In September, the European Directorate for the Quality of Medicines & HealthCare (EDQM) published in Pharmeuropa online the information about their new policy for bacterial Endotoxins, which was approved by the Ph. Eur. Commission at its 149th Session in June 2014. Amongst others they announced for existing monographs:
"BET specifications are kept in individual monographs for substances for pharmaceutical use. Existing limits remain in individual monographs to maintain the use of well-established limits.
In order for the policy to be applied, the following changes are proposed to existing Ph. Eur. texts:
General chapter 5.1.10 is expanded with further considerations regarding the setting up of limits.
General monograph Substances for pharmaceutical use"
In consequence it is up to the users of these EP chapters to determine whether compliance to BET is needed or not for a given substance. Where a test is included in the monograph with no specific limit, it is up to the user to set the limit for the substance, based on the following considerations: use of the substance (route of administration, patient population); calculation according to the formula given in general chapter 5.1.10; process capability; or any other considerations raised by the competent authority.
Recently, on 26 September, a revision of Chapter "5.1.10. Guidelines for Using the Test for Bacterial Endotoxins" was issued and open for comments until 31 December 2014. The revision now includes possible alternative methods to the Limulus amoebocyte lysate (LAL) test, like testing with recombinant factor C.
Following a short overview of the additions and changes:
"The monocyte-activation test (2.6.30) is a suitable method to be used to rule out the presence of non-endotoxin pyrogens in substances or products."
"Hence, the analyst who wishes to implement a test for bacterial endotoxins or to replace the pyrogen test by a test for bacterial endotoxins has to demonstrate that a valid test can be carried out on the substance or product concerned; this may entail a procedure for removing interference"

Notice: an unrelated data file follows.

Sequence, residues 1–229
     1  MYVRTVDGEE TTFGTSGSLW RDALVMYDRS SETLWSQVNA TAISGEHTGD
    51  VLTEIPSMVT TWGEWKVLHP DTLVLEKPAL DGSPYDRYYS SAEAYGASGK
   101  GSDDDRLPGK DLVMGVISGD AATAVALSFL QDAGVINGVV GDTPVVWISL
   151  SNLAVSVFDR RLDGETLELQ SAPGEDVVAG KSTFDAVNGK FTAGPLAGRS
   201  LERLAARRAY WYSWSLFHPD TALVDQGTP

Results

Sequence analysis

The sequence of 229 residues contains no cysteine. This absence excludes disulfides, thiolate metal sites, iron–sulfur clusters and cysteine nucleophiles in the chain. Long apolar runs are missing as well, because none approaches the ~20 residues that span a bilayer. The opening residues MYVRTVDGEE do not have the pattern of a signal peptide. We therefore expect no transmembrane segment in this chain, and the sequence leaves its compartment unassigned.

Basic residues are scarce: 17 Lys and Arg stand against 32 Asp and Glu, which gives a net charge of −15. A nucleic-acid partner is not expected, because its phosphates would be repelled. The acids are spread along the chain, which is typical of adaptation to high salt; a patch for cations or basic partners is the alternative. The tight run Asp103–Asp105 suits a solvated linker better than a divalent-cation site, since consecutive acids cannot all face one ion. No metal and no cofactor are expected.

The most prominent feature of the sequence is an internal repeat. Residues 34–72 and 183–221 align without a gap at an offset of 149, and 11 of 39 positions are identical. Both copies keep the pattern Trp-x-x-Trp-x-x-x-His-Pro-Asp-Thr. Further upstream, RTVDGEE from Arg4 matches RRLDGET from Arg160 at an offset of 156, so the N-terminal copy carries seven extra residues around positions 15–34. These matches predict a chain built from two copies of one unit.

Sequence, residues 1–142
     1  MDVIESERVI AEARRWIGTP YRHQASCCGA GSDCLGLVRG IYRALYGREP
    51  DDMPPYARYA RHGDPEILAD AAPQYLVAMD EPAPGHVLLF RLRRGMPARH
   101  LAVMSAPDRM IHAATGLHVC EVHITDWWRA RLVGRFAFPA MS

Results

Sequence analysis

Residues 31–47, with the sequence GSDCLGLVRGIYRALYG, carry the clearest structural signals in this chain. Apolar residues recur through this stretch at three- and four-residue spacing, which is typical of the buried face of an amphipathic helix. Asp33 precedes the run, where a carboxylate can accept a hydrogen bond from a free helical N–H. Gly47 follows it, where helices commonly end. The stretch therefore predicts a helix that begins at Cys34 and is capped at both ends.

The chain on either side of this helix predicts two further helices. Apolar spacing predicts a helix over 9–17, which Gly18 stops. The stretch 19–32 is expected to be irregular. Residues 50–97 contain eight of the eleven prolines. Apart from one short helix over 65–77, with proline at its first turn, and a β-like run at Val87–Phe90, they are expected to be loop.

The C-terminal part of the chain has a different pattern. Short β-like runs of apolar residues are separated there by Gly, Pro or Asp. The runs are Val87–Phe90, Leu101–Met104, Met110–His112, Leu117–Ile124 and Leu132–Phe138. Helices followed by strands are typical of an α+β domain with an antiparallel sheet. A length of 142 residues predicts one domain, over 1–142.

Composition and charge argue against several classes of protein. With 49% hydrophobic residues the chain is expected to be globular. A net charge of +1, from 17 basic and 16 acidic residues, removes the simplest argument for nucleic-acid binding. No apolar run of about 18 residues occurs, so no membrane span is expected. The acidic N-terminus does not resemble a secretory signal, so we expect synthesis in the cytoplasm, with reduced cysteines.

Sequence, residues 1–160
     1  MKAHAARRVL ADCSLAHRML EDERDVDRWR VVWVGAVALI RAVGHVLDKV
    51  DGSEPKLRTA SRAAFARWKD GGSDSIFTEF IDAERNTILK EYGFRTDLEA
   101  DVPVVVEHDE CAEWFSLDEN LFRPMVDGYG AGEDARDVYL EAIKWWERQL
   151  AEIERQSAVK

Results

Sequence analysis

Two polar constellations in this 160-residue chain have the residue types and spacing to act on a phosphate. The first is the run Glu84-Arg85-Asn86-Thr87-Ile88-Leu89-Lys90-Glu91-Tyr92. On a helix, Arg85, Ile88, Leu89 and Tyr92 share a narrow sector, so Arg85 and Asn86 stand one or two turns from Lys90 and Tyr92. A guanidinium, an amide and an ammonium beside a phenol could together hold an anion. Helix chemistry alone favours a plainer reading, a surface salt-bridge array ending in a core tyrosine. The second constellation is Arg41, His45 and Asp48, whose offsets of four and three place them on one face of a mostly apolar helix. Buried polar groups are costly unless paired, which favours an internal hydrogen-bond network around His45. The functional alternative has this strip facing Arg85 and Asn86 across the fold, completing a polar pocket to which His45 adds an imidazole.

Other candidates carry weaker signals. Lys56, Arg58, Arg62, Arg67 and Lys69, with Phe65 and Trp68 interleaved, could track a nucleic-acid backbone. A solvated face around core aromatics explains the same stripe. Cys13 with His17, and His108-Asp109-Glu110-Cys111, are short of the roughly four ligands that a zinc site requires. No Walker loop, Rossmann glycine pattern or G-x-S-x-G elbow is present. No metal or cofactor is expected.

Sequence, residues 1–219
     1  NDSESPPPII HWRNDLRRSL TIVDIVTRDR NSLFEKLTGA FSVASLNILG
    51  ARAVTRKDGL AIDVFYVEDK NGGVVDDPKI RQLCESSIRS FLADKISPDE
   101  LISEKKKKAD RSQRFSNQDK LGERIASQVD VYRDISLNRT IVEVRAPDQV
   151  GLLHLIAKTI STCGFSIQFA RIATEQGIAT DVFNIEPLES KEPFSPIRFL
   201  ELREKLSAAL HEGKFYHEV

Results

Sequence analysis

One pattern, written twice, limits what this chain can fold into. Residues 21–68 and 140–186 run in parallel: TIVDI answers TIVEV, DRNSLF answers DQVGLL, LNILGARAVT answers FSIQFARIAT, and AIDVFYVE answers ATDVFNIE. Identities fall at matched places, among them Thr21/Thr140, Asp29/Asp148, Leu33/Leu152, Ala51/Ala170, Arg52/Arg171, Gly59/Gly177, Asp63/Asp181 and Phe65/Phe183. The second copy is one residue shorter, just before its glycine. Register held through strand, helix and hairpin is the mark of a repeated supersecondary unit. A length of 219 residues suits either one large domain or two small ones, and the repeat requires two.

"Replacement of the rabbit pyrogen test required in a pharmacopoeial monograph by an amoebocyte lysate test, or by other methods such as the monocyte-activation test or a test using recombinant factor C as a replacement for the amoebocyte lysate, constitutes the use of an alternative method of analysis and hence requires demonstration that the method is appropriate for the given substance or product and gives a result consistent with that obtained with the prescribed method as described in the General Notices"
The additions under paragraph 13. "Replacement of Methods prescribed in Monographs" are of particular importance. In section 2, you can find information about the replacement by methods not described in the PH.EUR:
"The use of alternative reagents such as recombinant factor C as a replacement to the amoebocyte lysate eliminates the use of live animals. Replacement of a rabbit pyrogen test or a bacterial endotoxin test prescribed in a monograph by a test using recombinant factor C or any other reagent as a replacement of the amoebocyte lysate is to be regarded as the use of an alternative method in the replacement of a pharmacopoeial test, as described in the General Notices: “The test and assays described are the official methods upon which the standards of the Pharmacopoeia are based. With the agreement of the competent authority, alternative methods of analysis may be used for control purposes, provided that the methods used enable an unequivocal decision to be made as to whether compliance with the standards of the monographs would be achieved if the official methods were used. In the event of doubt or dispute, the methods of analysis of the Pharmacopoeia are alone authoritative.”
The complete revision can be found in Pharmeuropa, Issue 26.4. The online version can be accessed at the website of EDQM. Access to the online version requires registration, but this is a free service.
Representatives of the European Authorities as well as of the FDA will present the current developments at the Endotoxin and Pyrogen Testing Conference on 19 and 20 November in Düsseldorf/Neuss, Germany.